|"I aim at the stars, but sometimes I hit London."|
If I had the money to go back to graduate school and write my thesis, that'd be it. Since I don't, this'll be the short version. The really short version.
The message of Gravity's Rainbow -- if you boiled it down to a fortune cookie -- would read: Technocratic society has a hard-on for death.
To expand it a little -- what's wrong with Western European society is a form of sexual perversion.
Cutting through the multitude of subplots, there are two central narratives:
#1) Dr. Blicero, an evil Nazi rocket scientist, runs a weird S&M cult on the side at Peenemunde during the Blitz. At the end of the book -- and after the war -- one of his sex partners willingly enters the nose cone of a V-2 rocket as a living, sexual sacrifice. The evil Nazi scientist fires it off into a movie theater and ruins the show. (It's a V-2 rocket -- but it clearly implies the Cold War nuclear missiles it would spawn.)
2) Slothrop, a horny American out of an R. Crumb comic, was conditioned as an infant by Dr. Jamf, an acolyte of Pavlov. The conditioning created a sexual response to a mystery stimulus -- which turns out to be Imipolex G -- an erectile plastic, an artificial, dead thing that mimics the most organic of responses. In the book, this fictional substance is an essential V-2 rocket component. As a result, Slothrop has precognitive erections when he's stationed in London during the Blitz. He bangs a lot of women. Inevitably -- a short time later -- rockets bang down on the site of his sexual assignations.
OK. So let's compare that to Dr. Strangelove:
As with Gravity's Rainbow, the fortune cookie message is: Technocratic society has a hard-on for death.
The movie opens with a sexual image of planes refueling in mid-air. In case there's any doubt, every character's name is a sexual pun implying some sexual deviance or excess: Merkin Muffley, Jack D. Ripper, Buck Turgidson, etc.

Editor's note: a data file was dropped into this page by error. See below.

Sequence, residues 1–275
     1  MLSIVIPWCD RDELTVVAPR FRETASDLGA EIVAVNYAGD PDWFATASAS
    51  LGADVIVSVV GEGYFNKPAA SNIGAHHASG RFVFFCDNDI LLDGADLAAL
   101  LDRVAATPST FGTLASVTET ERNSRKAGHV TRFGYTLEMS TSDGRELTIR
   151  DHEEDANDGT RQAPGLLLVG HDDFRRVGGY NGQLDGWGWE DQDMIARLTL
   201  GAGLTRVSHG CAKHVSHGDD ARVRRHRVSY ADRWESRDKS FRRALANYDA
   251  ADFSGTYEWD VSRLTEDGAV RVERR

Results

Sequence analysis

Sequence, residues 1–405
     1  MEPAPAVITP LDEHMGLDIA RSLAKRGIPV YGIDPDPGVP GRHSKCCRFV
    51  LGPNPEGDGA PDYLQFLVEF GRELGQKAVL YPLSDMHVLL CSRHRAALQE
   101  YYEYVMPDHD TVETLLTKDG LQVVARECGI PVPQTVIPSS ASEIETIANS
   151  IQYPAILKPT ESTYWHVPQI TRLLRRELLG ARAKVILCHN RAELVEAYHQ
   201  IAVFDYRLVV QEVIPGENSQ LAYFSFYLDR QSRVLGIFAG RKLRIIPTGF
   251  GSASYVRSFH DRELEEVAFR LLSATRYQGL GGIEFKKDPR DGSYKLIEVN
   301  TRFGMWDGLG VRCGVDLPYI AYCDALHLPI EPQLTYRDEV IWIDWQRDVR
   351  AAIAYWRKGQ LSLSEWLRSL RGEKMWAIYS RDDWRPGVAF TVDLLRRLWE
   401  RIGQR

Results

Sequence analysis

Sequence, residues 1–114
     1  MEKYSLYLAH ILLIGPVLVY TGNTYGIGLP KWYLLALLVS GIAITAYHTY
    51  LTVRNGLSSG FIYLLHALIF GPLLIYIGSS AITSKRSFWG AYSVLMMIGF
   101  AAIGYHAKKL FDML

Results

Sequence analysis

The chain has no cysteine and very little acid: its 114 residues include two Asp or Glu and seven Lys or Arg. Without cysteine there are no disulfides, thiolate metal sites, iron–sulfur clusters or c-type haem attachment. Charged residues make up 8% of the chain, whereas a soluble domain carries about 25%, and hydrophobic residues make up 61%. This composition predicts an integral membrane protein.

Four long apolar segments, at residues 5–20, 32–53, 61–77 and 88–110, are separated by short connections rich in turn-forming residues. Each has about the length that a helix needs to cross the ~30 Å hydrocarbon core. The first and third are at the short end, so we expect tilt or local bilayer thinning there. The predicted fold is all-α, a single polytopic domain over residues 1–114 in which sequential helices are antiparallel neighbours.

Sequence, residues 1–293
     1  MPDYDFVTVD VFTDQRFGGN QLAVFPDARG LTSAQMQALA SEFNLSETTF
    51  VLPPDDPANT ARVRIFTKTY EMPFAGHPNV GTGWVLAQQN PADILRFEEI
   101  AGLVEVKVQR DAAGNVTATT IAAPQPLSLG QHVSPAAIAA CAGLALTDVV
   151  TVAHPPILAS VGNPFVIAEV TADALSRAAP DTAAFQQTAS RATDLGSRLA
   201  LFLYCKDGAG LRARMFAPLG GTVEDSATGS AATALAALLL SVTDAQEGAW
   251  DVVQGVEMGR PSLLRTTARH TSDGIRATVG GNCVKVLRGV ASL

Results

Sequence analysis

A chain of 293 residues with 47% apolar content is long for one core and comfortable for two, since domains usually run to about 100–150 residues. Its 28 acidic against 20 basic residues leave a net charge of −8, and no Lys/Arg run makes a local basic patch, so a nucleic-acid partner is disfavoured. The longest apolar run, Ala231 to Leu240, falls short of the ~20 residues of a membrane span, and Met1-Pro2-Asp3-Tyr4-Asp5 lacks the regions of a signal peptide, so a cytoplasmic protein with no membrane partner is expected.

The plot: The USSR has a doomsday machine designed to destroy all living things if they're attacked. They keep it quiet -- saving the surprise for the upcoming party conference. Jack D. Ripper, a rogue American general, sends a wing of B-52s into Soviet airspace because he thinks the commies are polluting "our precious bodily fluids" with fluoridation. (The reason he thinks this -- he's impotent.) Top representatives from the USSR and USA meet in the underground "War Room" and collaborate on recalling the American planes. An evil Nazi rocket scientist -- Dr. Strangelove -- dominates the meeting. The American president and the Soviet premier negotiate on the hotline in a Jules Feifferesque parody of an old married couple having a tiff. The effort succeeds -- all the planes return, except for one that can't communicate. Against all odds, it gets through. Major Kong rides an H-Bomb down like a rodeo cowboy -- triggering doomsday. Down in the War Room, Dr. Strangelove pitches a scheme to preserve the world's elite in salt mines -- in a ratio of one man to fifty women, supermodels all. His paralyzed legs are miraculously healed.
The movie ends with an orgasmic montage of atomic bomb blasts, to the tune of "We'll Meet Again."
It's a brilliant movie, but ultimately, it's pop satire painted with a broad brush. Pynchon took its basic concepts and expanded on them, reaching a complexity worthy of Joyce's Ulysses. But the core ideas and images are all there:
The phallic symbol of the rocket.
The orgasmic symbol of an exploding rocket.
The equation of a highly militarized technocracy with sexual perversion.
An evil Nazi scientist who epitomizes this sexual perversion. The name of the character literally spells it out -- Dr. Strangelove.
Gravity's Rainbow is Dr. Strangelove's lovechild.
I could beef this up to a 20-page paper. But that's basically it.